The resistance of the devices was measured using a 4-wire measurement technique, and the resistivity was calculated. As shown in Table I, at a constant carbon black loading, the resistivity decreased with increasing ETFE content. The resistance as a function of temperature for the devices was determined by inserting the devices into an oven, increasing the temperature from 20° C. to 200° C. and back to 20° C. for two cycles, and, at temperature intervals, measuring the resistance at 10 volts DC. The reported values are those measured on the second heating cycle. The height of the PTC anomaly was determined by calculating the ratio of the resistance at 180° C. to the resistance at 20° C. The results, in decades of PTC anomaly, are shown in Table I, and indicate that the PTC anomaly height decreased with increasing ETFE content. Thus if the PTC anomaly is given as x, this means that the resistance at 180° C. was 10x times the resistance at 20° C. Using a thermal mechanical analyzer (TMA), the expansion of the devices was measured at 200° C. The results, shown in Table I, indicated that the expansion decreased with increasing ETFE content.

              TABLE I______________________________________COMPONENT   EXAMPLE(Volume %)  1      2      3    4    5    6    7______________________________________PVDF        60     54     50   40   30   15   0ETFE        0      6      10   20   30   45   60CB          40     40     40   40   40   40   40Resistivity at 20° C.       1.7    1.3    1.0  0.7  0.9* 0.4  0.4(ohm-cm)PTC Anomaly 5.1    4.9    3.3  1.7  1.0  0.6  0.4(decades)% Expansion 6.0    6.3    5.9  4.6  4.1  4.6  3.5______________________________________ Notes to Table I: PVDF is KF™ 1000, polyvinylidene fluoride powder available from Kureha which is made by a suspensionpolymerization technique and has a peak melting point as measured by DSC of about 175° C., and a crystallinity of about 55 to 60%. ETFE is Tefzel™ HT2163 (formerly Tefzel™ 2129P), ethylene/tetrafluoroethylene/perfluorinated butyl ethylene terpolymer powder available from DuPont, which has a peak melting point of about 235° C., and a crystallinity of about 40 to 45° C. %. CB is Raven™ 430 powder, carbon black available from Columbian Chemicals, which has a particle size of about 82 millimicrons, a surface area of about 35 m2 /g, and DBP number of about 83 cc/100 g. *The compositions of Example 5 exhibited some delamination of the metal foil electrodes, resulting in an anomalously high resistivity.
EXAMPLES 8 TO 12

Following the procedure of Examples 1 to 7, devices were prepared from compositions having a resistivity at 20° C. of about 1 ohm-cm. The PTC anomaly was highest for the composition which contained 6% ETFE (Example 10). The results are shown in Table II.

              TABLE II______________________________________         ExampleCOMPONENT (Volume %)           8      9       10   11    12______________________________________PVDF            58     55.3    54   52.7  42ETFE            0      4       6    8     20CB              42     40.7    40   39.3  38Resistivity at 20° C.           1.20   0.93    0.94 1.0   0.95(ohm-cm)PTC Anomaly (decades)           3.0    3.4     4.1  4.0   2.1______________________________________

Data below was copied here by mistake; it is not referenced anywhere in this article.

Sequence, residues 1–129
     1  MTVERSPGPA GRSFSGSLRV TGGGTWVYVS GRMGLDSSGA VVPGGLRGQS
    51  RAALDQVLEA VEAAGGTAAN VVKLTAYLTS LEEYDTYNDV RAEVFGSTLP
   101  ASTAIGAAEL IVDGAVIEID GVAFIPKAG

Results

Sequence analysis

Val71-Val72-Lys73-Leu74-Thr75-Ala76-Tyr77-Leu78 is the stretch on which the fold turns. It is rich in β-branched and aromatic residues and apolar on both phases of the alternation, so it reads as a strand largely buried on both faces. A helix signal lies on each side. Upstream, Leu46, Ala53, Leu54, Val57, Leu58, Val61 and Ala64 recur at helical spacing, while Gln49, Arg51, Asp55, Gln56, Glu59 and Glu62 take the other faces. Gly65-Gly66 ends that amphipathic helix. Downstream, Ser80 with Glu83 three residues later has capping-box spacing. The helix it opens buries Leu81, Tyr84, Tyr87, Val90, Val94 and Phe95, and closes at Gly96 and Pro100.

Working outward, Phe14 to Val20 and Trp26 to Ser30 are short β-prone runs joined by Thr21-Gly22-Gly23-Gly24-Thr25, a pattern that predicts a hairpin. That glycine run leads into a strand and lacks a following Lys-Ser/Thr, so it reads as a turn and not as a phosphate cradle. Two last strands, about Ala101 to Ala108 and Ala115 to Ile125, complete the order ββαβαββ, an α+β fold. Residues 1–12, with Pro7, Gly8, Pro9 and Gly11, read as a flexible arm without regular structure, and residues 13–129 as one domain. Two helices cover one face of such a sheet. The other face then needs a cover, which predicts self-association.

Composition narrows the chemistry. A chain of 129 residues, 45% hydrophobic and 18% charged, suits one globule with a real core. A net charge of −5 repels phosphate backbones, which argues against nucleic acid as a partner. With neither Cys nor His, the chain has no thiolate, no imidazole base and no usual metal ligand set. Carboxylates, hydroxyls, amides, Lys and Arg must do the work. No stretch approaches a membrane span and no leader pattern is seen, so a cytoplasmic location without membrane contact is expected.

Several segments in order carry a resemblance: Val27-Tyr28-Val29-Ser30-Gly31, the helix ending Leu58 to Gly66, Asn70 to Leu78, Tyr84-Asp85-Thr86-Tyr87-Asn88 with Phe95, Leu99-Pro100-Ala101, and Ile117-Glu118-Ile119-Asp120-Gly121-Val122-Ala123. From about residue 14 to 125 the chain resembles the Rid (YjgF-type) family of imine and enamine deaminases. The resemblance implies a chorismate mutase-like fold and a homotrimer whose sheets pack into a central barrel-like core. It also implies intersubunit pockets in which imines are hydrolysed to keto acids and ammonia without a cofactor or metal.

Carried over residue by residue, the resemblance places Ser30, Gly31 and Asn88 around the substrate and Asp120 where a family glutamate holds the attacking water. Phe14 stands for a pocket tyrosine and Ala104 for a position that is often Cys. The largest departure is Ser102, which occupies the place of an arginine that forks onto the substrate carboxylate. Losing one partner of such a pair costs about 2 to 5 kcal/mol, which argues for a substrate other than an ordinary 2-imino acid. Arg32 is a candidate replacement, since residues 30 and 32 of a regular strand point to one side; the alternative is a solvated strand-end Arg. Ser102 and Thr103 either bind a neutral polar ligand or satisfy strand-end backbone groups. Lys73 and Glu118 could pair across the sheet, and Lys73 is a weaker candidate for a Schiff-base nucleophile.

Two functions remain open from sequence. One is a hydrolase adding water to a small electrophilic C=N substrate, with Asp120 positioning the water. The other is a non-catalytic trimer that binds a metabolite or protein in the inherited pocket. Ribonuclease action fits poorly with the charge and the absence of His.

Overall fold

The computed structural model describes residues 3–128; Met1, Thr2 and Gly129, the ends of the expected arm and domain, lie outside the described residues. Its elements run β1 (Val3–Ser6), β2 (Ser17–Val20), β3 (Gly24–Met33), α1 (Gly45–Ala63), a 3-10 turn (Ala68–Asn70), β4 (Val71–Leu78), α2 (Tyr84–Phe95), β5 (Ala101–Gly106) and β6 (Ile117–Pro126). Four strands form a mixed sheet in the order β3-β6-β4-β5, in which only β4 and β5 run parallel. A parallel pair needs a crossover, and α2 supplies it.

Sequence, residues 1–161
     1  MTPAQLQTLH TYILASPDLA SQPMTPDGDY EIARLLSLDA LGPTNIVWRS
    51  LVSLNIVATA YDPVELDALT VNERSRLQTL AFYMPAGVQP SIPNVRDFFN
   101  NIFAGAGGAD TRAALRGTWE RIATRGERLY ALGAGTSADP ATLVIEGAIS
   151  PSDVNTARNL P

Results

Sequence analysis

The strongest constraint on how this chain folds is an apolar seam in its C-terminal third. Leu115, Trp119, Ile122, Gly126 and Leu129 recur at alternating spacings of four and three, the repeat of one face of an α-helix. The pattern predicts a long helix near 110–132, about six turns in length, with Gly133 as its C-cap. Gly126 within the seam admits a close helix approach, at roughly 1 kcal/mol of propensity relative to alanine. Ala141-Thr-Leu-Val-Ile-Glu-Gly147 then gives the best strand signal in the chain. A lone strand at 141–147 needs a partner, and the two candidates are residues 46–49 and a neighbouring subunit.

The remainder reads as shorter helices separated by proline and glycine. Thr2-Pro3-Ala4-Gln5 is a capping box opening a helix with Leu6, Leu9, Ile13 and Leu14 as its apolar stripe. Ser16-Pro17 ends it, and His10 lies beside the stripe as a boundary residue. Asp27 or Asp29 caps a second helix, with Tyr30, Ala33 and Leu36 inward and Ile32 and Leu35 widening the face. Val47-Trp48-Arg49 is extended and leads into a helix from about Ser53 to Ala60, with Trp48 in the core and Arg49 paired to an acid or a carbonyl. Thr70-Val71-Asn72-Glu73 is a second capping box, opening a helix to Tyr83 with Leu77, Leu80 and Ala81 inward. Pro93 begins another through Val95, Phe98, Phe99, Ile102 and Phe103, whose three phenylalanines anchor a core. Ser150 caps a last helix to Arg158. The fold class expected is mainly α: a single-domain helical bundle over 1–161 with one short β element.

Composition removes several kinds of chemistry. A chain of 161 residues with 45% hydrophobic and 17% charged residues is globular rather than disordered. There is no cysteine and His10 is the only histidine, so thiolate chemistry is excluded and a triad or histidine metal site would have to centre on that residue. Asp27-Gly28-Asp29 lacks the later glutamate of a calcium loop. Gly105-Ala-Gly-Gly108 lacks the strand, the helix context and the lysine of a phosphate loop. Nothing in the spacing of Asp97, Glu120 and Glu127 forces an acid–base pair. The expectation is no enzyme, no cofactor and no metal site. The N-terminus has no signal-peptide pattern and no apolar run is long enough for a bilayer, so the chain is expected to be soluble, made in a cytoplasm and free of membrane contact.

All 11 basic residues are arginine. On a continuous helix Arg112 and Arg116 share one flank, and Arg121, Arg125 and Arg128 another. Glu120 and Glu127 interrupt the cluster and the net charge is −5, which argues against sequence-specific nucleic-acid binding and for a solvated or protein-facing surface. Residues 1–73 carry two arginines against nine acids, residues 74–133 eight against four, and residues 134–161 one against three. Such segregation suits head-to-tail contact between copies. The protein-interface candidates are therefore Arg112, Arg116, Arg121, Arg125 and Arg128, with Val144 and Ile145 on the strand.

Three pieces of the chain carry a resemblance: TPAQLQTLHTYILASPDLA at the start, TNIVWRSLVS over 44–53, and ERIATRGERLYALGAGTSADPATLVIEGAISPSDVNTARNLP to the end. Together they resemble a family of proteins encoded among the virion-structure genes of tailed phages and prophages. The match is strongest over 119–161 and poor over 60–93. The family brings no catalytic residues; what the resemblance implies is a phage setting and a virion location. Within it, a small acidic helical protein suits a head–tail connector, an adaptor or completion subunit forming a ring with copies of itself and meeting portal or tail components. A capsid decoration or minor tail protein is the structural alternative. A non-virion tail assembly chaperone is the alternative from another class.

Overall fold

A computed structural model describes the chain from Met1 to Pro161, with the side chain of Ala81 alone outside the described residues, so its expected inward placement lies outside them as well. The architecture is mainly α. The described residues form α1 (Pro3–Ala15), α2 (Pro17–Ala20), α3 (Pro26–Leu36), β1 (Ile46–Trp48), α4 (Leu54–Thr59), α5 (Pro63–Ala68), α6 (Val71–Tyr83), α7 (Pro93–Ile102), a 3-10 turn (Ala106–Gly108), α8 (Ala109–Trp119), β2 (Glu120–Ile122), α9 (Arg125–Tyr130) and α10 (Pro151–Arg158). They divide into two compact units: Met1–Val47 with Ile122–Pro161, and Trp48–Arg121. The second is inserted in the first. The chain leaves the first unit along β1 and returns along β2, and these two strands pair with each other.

EXAMPLES 13 TO 16

The ingredients listed in Table III were dry-blended in a Henschel mixer, mixed in a co-rotating twin screw extruder heated to about 210° to 250° C., extruded into a strand, and pelletized. The pellets were extruded to form a sheet with a thickness of about 0.5 mm (0.020 inch). The sheet was cut into pieces with dimensions of 0.30×0.41 m (12×16 inch). Two sheets were stacked together and electrodeposited nickel-coated copper foil (N2PO, available from Gould) was laminated onto two sides to give a laminate with a thickness of about 1.0 mm (0.040 inch). The laminate was irradiated as above, and devices with dimensions of 10×10 mm (0.40×0.40 inch) were cut and attached to 24 AWG wire leads by solder dipping at 250° C. for 2 to 3 seconds. The devices were then temperature cycled from 40° C. to 135° C. and back to 40° C. at a rate of 10° C./minute six times. The dwell time at 40° C. and 135° C. was 30 minutes for each cycle. The response of the compositions to processing was determined by comparing the resistivity of a sample cut from the laminate prior to irradiation, lead attach, or temperature cycling (i.e. ρ1) with a finished device after the final temperature cycling (i.e. ρ4). The results, as shown in Table III, indicated that the formulations which contained 6 to 10 volume % ETFE were the most stable and had the smallest increase in resistivity (based on percent) during processing.

              TABLE III______________________________________COMPONENT     Example(Volume %)    13     14         15   16______________________________________PVDF          60.1   56.7       54.1 50.1ETFE          0      6.1        6.0  10.0CB            35.5   35.9       35.5 35.5CaCO3    1.3    1.3        1.3  1.3TAIC          3.1    0          3.1  3.1ρ1 (ohm-cm)         0.87   1.23       0.81 0.70ρ4 (ohm-cm)         1.40   1.36       1.13 0.80ρ41         1.61   1.11       1.40 1.15______________________________________ Notes to Table III: PVDF is KF™ 1000, as described in Table I. ETFE is Tefzel™ HT2163, as described in Table I. CB is Raven™ 430 carbon black in the form of beads with properties as described in Table I. CaCO3 is Atomite™ powder, calcium carbonate available from John K Bice Co. TAIC is triallyl isocyanurate, a crosslinking enhancer.